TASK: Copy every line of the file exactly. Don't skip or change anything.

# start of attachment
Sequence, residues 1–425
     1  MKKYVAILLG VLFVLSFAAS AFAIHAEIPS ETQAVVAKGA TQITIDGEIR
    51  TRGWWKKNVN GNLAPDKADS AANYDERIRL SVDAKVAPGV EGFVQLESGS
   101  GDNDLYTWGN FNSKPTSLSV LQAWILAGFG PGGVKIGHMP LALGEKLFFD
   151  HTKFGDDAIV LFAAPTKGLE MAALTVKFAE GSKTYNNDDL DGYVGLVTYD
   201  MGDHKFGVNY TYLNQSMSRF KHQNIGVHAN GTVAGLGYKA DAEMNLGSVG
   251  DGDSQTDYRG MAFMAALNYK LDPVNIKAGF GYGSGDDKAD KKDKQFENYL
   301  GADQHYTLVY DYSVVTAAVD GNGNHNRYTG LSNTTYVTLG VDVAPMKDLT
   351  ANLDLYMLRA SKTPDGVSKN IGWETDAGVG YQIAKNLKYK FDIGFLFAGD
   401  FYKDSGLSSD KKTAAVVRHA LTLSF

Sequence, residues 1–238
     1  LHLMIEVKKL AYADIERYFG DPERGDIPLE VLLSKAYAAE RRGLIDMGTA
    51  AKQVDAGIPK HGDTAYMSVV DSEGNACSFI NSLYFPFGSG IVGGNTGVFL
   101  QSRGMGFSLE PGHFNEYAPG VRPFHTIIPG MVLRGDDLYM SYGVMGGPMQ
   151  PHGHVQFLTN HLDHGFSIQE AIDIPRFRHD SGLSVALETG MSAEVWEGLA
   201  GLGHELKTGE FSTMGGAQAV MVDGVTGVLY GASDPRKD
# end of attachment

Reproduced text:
Sequence, residues 1–425
     1  MKKYVAILLG VLFVLSFAAS AFAIHAEIPS ETQAVVAKGA TQITIDGEIR
    51  TRGWWKKNVN GNLAPDKADS AANYDERIRL SVDAKVAPGV EGFVQLESGS
   101  GDNDLYTWGN FNSKPTSLSV LQAWILAGFG PGGVKIGHMP LALGEKLFFD
   151  HTKFGDDAIV LFAAPTKGLE MAALTVKFAE GSKTYNNDDL DGYVGLVTYD
   201  MGDHKFGVNY TYLNQSMSRF KHQNIGVHAN GTVAGLGYKA DAEMNLGSVG
   251  DGDSQTDYRG MAFMAALNYK LDPVNIKAGF GYGSGDDKAD KKDKQFENYL
   301  GADQHYTLVY DYSVVTAAVD GNGNHNRYTG LSNTTYVTLG VDVAPMKDLT
   351  ANLDLYMLRA SKTPDGVSKN IGWETDAGVG YQIAKNLKYK FDIGFLFAGD
   401  FYKDSGLSSD KKTAAVVRHA LTLSF

Sequence, residues 1–238
     1  LHLMIEVKKL AYADIERYFG DPERGDIPLE VLLSKAYAAE RRGLIDMGTA
    51  AKQVDAGIPK HGDTAYMSVV DSEGNACSFI NSLYFPFGSG IVGGNTGVFL
   101  QSRGMGFSLE PGHFNEYAPG VRPFHTIIPG MVLRGDDLYM SYGVMGGPMQ
   151  PHGHVQFLTN HLDHGFSIQE AIDIPRFRHD SGLSVALETG MSAEVWEGLA
   201  GLGHELKTGE FSTMGGAQAV MVDGVTGVLY GASDPRKD